Saturday, February 13, 2010
Earl Ofari Hutchinson
The head of USA Boxing recently announced that its centennial anniversary celebration of the famed Jack Johnson and James Jeffries fight in July, 1910 will be a national extravaganza. It will feature showings of the fight film, tours of the fight site and training camps, appearances by past heavyweight champions and live boxing. The centerpiece of the gala will be their "Jack Johnson Pardon Dinner. At the dinner, the promoters hope to announce that President Obama will grant a posthumous pardon to Johnson. At least, that’s the hope.
The Johnson-Jeffries fight is firmly etched in history as the fight that stood sport and race relations in America on its head. The brash, outspoken black champs thrashing of white contender Jeffries ignited nationwide racist panic and hysteria, and loud calls to prosecute Johnson for violating the Mann Act. The law made it illegal to transport women across state lines for immoral purposes. Many contend passing the act was a thinly veiled effort to nail Johnson for cavorting with white women. The anti-Johnson throng got their wish. In 1913, he was imprisoned for violating the Mann Act. To right the blatant racial wrong against Johnson, Republican Sen. John McCain and House Rep. Peter King last year pushed a resolution through the Senate and House of Representatives urging Obama to pardon Johnson.
The Justice Department quickly said no, saying that it does not traditionally pardon the deceased and that the president’s focus should be to pardon persons "who can truly benefit" from it. Obama can ignore the Justice Department and pardon Johnson but the odds he won’t. Presidential pardons for the dead are virtually unknown. Bill Clinton and George Bush are the only presidents who ever granted one. In 1999 Clinton pardoned Henry O. Flipper, the first black graduate of the U.S. Military Academy at West Point. Flipper was wrongly accused of embezzling commissary funds. In 2008 Bush pardoned Charlie Winters for illegally selling decommissioned bombers to Israel during the Arab-Israeli war in 1948. Winters was convicted and served 18 months in prison. He died in 1984. Obama has yet to grant a pardon or commute the sentence of anyone living. He’s been one the slowest presidents ever to grant clemency.
Though the racial controversy that ensnared Johnson is a century old, and Johnson’s been dead more than a half century, a pardon for him is still a racial and political minefield for Obama. McCain and King don’t face that risk. They are white, conservative, Republican, and do not occupy the White House. Even if Obama quietly pardoned Johnson, he would likely not be hailed for righting a historic wrong but for playing race with a deceased black man who in his day flaunted the law and the moral code of society. Race and politics simply can’t be separated even when the recipient of justice is a dead man.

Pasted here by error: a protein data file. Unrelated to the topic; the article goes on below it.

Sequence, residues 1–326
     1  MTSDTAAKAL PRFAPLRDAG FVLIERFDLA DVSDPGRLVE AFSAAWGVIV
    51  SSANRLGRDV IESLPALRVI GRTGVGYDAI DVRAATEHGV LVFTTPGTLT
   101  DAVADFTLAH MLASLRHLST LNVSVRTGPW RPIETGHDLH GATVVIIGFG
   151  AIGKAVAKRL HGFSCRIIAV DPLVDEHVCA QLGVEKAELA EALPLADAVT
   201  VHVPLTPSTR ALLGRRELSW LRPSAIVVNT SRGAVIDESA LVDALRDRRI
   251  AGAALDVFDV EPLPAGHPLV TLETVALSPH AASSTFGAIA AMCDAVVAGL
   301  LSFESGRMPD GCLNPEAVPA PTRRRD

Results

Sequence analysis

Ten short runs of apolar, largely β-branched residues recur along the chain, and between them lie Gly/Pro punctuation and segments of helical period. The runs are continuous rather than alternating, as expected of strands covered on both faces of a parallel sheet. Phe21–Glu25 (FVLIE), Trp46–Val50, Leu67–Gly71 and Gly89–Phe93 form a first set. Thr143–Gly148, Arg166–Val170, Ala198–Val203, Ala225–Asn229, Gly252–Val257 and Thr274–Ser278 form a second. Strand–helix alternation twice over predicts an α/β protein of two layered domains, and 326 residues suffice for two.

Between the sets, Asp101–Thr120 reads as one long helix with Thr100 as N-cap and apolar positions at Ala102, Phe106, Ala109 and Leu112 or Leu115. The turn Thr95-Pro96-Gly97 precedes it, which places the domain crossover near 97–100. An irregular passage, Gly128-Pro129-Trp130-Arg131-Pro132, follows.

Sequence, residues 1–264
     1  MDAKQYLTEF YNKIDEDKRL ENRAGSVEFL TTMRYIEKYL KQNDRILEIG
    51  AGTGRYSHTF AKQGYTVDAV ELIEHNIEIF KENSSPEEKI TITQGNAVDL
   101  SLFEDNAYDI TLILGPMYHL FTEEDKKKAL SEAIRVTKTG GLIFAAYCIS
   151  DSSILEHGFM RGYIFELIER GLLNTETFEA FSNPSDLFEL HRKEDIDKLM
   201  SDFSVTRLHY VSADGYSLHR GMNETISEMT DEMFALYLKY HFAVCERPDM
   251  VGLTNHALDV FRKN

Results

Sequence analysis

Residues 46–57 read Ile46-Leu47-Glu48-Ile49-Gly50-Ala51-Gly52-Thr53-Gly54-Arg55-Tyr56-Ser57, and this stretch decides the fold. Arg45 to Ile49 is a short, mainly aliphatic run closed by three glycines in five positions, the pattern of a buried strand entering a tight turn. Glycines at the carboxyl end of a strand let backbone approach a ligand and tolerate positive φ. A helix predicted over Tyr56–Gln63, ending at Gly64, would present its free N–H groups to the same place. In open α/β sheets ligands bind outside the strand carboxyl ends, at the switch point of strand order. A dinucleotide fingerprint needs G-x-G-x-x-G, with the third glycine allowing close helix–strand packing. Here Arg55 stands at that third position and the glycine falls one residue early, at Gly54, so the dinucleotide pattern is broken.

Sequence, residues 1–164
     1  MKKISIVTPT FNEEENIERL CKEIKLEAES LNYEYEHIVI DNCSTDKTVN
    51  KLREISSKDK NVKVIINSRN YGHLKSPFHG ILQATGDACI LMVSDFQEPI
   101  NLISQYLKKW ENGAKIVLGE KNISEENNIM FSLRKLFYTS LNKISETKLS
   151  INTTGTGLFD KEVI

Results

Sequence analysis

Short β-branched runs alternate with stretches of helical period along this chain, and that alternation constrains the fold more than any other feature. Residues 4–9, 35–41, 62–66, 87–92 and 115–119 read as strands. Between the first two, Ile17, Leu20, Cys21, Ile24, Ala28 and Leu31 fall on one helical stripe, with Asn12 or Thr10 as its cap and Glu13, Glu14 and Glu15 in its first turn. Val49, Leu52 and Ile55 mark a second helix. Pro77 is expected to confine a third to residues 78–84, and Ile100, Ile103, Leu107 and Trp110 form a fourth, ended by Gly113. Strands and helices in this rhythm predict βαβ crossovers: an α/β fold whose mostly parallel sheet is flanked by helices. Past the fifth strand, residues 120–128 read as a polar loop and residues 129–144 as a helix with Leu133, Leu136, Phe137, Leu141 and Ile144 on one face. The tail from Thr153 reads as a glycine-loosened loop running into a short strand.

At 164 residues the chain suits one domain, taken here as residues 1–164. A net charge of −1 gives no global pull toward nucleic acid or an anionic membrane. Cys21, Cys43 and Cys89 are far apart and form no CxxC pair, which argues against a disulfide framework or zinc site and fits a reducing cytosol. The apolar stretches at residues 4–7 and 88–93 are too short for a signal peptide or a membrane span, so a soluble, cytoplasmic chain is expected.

Obama acknowledged the peril of race in December when the Congressional Black Caucus saber rattled him to take special action to help chronically jobless young blacks and financially strapped minority businesses. Obama made it clear that he couldn’t and wouldn't do anything special for blacks.
The president’s bluntness on race was no surprise. In his candidate declaration speech in Springfield, Illinois in February 2007, he made only the barest mention of race. Obama talked about change, but change for everyone. He had little choice. The institution of the presidency, and what it takes to get it, demands that racial typecasting be scrapped. Obama got a bitter taste of the misery that race can cause a president him when in an unscripted moment he spoke his mind and blasted a Cambridge cop for cuffing and manhandling Harvard University professor Henry Louis Gates. The loud squeals that he was a bigot, racist and anti police for siding with Gates bounced off the Oval Office walls. A chagrined Obama back pedaled fast and asked all for forgiveness.
Obama’s tight adherence to a race neutral script is not unique. Bill Clinton in the White House and Al Gore and John Kerry on the presidential campaign trail in 2000 and 2004 followed the same script to the letter. The script requires a Democratic presidential candidate to win elections, and if they win to formulate a moderate agenda on civil rights, poverty, failing inner city public schools, the HIV-AIDS crisis, and the racially skewed criminal justice system in written policy statements. And then say little, and do even less about them in the White House. If Gore or Kerry had won the White House, the likelihood is they would not have made these problems priority items in their White House.
Johnson tragically was a victim of American racial hysteria. His hounding and imprisonment was a grave historical wrong; a historical wrong that still screams to be righted. Unfortunately, it’s unlikely it will come with a White House pardon.
Earl Ofari Hutchinson is an author and political analyst. His new book is, How Obama Governed: The Year of Crisis and Challenge (Middle Passage Press).